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Thread: Man in affluent suburb unable to get land rezoned, gets pigs and rooster instead

  1. #1
    Cyburbian AubieTurtle's avatar
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    Man in affluent suburb unable to get land rezoned, gets pigs and rooster instead

    The AJC requires registration but www.bugmenot.com always has an account ready for you.

    Basically a man bought a parcel of land in an affluent suburb with large minimum lot size requirements through agricultural zoning. Since the surrounding homeowners didn't want him putting two homes on the land as allowed by residential zoning, they got the county to reject his request to change the current agricultural zoning on the land. This is despite the fact that no one in that part of town is actually doing any farming on their land.

    The result: The man painted his house University of Florida orange and blue, bought goats, pigs, and a very loud rooster. The county says it is powerless to do anything since those activities are permitted in agricultural zones.

    My response to all the neighbors who thought they could make creative use of zoning to play country gentleman near the city and now have had it backfire on them: HAHAHAHAHA!

    http://www.ajc.com/news/content/metr...30ufhouse.html
    As democracy is perfected, the office of president represents, more and more closely, the inner soul of the people. On some great and glorious day the plain folks of the land will reach their heart's desire at last and the White House will be adorned by a downright moron. - H.L. Mencken

  2. #2
    Cyburbian ABS's avatar
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    Good on him!
    Great mindless think alike.

    Planning my way out of wet paper bag since 2003

  3. #3
    Cyburbia Administrator Dan's avatar
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    I wonder what the comprehensive plan designation was for the underlying property. If it was residential, he would have grounds for rezoning approval. If it was ag, well, too bad. If he wanted to subdivide his land, he should have bought a parcel with residential zoning.

    In the City of Buffalo, zoning permits anyone to have one dairy cow on their lot, regardless of zoning district.

    § 78-2. Required acreage and permit for keeping cows.

    A.No person, persons or association shall maintain upon their premises within the city limits more than one milch cow unless said premises are in proportion of one acre of land to each and every cow above the number of one
    Not there's a code long overdue for a rewrite.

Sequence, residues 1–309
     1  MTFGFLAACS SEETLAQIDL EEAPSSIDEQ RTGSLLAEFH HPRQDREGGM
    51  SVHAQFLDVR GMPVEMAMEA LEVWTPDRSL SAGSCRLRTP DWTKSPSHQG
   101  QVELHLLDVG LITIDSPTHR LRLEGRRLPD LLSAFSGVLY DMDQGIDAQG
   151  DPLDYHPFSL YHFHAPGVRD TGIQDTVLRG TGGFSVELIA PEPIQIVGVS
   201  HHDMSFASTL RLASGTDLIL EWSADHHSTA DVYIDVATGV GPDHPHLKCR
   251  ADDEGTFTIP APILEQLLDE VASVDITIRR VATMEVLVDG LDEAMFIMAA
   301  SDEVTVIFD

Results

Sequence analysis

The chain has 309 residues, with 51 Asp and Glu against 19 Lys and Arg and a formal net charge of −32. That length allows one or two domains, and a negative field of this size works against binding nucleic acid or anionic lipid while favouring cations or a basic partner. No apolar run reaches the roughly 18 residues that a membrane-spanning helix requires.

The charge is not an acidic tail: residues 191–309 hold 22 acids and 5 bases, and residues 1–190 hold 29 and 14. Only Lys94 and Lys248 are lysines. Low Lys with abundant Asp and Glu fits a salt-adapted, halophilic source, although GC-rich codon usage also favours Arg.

Growth for growth's sake is the ideology of the cancer cell. -- Edward Abbey

  4. #4
    Suspended Bad Email Address teshadoh's avatar
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    The only reason I can think of the land being zoned AG, would be to support the 'estate' type developments that are present along that stretch. But, everywhere around that area is at least medium density subdivisions.

  5. #5
    Cyburbian Cardinal's avatar
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    I'm with Dan on this one. If the underlying land use is residential and these splits were in keeping with the plan, he should have been given his lots. If it was agricultural, he should have bought elsewhere. If agricultural land use is being used as a tool for creating estate residential, then the neighbors got what they deserved. If it is really intended to promote hobby farming, then it has worked! This comes from a former "country gentleman" farmer.
    Anyone want to adopt a dog?

  6. #6
    Cyburbian AubieTurtle's avatar
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    These are the neighbors:

    Doesn't look like any hobby farming going on, except for trees and shrubs.


    This is what they now have to look at everyday. The goats don't seem too concerned about the problem. I bet the neighborhood kids love them.


    Bill Grant is one of the people who helped get the county to turn down the rezoning request. Obviously as a developer he doesn't want competition, even if it is only from a two unit parcel of land, but I think he wants to promote large lot sizes and the old ag zoning is the only way he's been able to do that. Dunwoody is a first ring suburb and not really an appropriate place for such large lots. People need to choose: be near the city with density or in the exburbs with lots of land but limited access to city benefits.

    I bet the neighbors crumble. You can only pass a lawn filled with orange and blue concrete alligators so many times on your way to your million dollar home before you decide that maybe it isn't such a big deal to allow two homes that are of the same style as the rest of the neighborhood on that land instead.
    As democracy is perfected, the office of president represents, more and more closely, the inner soul of the people. On some great and glorious day the plain folks of the land will reach their heart's desire at last and the White House will be adorned by a downright moron. - H.L. Mencken

  7. #7
    Cyburbian Michele Zone's avatar
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    Dunwoody? Is this in the Atlanta area?

  8. #8
    Cyburbian AubieTurtle's avatar
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    Yes, it's north of the city and east of Sandy Springs, centered around the perimeter mall area where Fulton and DeKalb counties meet. The median household income is over $100,000.